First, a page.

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Thames Valley water project - community meeting highlights

09 July 2013

A 35 year-long resource consent has been applied for to take water from the Matatoki Stream and connecting it up to the Puriri Stream.

Members of the Thames-Valley community were given a progress report at afternoon and evening meetings set up by Council staff working on the Thames Valley Water Project.

The Waikato Regional Council (WRC) is now considering the consent.

Thirty-five years is the maximum amount that can be applied under consent conditions.

This will mean the daily water volume will be less than previously consented for but will allow for water to be taken over a longer period of time.

DoC, Fish and Game, iwi and landowners are being consulted over the resource consent and if it all goes to plan our Council will continue to work with WRC and its scientists over maximum water volumes and consent conditions.

Consent could be granted by October 2013.

The major construction work to connect the two water supplies (Matatoki and Puriri Streams) will then start in the 2014/2015 financial year, which will involve the installation of a bigger pipe system.

To find out more about the Thames Valley Water Project click here.


Construction Work

Minor construction work on the Thames Valley Water Project has already started including the installation of intake screens, filters, scour and air valves to minimise debris getting into the water supply and prevent pipes becoming blocked.

Water meters have been installed on all properties that previously received the over 4ha water rate and in time water meters will be installed on all properties to help with water management and allow for a fairer way of charging for water.

Other construction work planned for later this year includes replacing water pipes at sections of Ferry Rd, Factory Rd, O'Neil Rd and SH26.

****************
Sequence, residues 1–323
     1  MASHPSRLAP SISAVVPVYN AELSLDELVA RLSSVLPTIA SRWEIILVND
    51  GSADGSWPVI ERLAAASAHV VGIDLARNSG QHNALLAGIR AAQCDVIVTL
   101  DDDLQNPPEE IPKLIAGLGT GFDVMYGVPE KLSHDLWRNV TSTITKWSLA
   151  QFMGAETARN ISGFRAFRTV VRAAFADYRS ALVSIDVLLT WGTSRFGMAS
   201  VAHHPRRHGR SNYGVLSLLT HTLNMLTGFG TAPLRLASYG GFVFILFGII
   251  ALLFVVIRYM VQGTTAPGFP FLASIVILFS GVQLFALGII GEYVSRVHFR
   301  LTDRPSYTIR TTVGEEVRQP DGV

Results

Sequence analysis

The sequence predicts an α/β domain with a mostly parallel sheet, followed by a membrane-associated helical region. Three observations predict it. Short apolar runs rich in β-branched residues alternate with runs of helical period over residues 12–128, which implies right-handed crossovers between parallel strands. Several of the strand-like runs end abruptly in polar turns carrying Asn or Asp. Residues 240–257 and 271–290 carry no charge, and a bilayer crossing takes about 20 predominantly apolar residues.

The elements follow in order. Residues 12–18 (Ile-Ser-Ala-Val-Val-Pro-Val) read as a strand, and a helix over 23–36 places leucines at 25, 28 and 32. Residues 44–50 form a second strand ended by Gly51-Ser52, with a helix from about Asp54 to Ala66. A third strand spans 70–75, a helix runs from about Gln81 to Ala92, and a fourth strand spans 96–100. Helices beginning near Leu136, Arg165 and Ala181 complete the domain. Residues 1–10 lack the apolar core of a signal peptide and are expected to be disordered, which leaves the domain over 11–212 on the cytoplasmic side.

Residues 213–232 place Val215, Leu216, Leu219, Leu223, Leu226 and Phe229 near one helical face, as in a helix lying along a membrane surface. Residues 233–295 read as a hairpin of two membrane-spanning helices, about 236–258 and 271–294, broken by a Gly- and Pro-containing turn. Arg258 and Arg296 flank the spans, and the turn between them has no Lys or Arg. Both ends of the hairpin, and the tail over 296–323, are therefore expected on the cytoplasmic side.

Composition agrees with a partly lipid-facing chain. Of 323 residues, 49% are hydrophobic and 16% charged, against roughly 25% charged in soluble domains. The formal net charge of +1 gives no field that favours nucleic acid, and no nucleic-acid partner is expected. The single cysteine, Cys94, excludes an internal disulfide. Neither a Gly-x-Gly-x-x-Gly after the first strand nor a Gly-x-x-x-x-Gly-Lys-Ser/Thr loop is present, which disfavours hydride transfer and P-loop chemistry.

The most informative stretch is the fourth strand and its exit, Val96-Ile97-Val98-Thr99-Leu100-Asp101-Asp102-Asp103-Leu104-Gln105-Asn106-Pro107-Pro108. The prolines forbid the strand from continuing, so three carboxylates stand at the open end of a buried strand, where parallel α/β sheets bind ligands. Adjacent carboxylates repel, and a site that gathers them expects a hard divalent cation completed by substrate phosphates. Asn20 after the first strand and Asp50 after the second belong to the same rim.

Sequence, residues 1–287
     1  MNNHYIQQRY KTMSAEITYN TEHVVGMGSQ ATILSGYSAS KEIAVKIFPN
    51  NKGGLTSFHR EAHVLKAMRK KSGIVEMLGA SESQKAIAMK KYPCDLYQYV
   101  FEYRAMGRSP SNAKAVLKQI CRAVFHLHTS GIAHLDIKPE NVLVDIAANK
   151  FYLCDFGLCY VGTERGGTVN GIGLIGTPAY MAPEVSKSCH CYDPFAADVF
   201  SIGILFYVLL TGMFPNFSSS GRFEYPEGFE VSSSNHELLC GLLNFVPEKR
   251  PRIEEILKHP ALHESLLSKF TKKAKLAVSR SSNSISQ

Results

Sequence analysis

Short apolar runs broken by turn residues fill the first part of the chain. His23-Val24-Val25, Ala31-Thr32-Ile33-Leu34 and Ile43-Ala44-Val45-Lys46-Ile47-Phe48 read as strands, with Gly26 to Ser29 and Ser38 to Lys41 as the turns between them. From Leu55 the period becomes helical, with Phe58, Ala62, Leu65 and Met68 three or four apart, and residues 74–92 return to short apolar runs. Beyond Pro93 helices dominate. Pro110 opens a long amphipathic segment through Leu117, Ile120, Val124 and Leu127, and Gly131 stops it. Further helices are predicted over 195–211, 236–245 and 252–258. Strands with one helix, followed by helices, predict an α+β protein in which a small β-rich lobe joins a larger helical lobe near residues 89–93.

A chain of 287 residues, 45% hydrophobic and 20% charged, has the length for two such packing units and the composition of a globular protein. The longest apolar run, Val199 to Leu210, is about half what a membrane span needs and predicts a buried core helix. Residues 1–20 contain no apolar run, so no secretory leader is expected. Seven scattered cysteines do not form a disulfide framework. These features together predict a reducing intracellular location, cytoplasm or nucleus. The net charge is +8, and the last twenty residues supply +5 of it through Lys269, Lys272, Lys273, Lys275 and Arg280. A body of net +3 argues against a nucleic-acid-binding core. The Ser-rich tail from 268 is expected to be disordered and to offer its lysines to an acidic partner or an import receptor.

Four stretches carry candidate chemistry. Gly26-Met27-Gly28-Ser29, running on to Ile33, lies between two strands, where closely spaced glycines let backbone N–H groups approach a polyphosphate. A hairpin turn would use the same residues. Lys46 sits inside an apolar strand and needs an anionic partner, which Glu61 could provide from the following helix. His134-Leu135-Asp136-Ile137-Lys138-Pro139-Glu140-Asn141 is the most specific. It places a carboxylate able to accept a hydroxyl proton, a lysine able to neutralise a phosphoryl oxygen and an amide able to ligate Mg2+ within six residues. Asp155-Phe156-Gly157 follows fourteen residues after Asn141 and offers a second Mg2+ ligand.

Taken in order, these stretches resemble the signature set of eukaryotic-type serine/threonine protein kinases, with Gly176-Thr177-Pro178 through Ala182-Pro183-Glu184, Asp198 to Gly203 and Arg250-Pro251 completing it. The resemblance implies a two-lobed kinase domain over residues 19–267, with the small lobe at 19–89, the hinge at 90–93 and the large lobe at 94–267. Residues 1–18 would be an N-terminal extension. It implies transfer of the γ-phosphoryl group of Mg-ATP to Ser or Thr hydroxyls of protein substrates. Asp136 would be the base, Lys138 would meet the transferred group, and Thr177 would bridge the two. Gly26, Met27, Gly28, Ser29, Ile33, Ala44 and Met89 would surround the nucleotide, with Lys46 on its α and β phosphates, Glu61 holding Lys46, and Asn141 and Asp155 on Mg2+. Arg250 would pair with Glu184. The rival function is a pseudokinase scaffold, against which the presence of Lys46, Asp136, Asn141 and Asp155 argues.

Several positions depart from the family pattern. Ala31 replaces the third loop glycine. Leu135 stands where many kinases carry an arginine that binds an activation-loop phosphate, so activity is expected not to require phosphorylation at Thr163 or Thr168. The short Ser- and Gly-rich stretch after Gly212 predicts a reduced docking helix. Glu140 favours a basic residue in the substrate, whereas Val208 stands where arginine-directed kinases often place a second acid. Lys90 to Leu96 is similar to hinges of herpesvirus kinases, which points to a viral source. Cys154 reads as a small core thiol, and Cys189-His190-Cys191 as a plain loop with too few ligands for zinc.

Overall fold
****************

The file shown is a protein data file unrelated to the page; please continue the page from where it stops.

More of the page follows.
Once the exact locations are confirmed, we will inform the public before any major construction starts and we'll also do our best to minimise disruptions.

Chlorination of the water supply is also being looked at as possibility in the future.

Please remember that all this work doesn't mean that thse supplies are now up to national drinking water standards.


Who to talk to

The direction of the Thames Valley Water Project was decided by a Working Group and the community, which was to retain the existing water supplies.

If more stringent drinking water standards becomes a requirement by the Government, then this approach may have to change.

The Working Group next meet in September. If you have questions or concerns about the Thames Valley Water Project,  please get in touch with Water Services Manager Bruce Hinson.


Water Savings Will Also Save You Money

We hope the installation of water meters to all Thames Valley properties, including farms and lifestyle blocks will help people better manage their water use and save money.

DairyNZ has some good tips for dairy farmers to better manage water supplies here.

Also check out our website for more water conservation information here.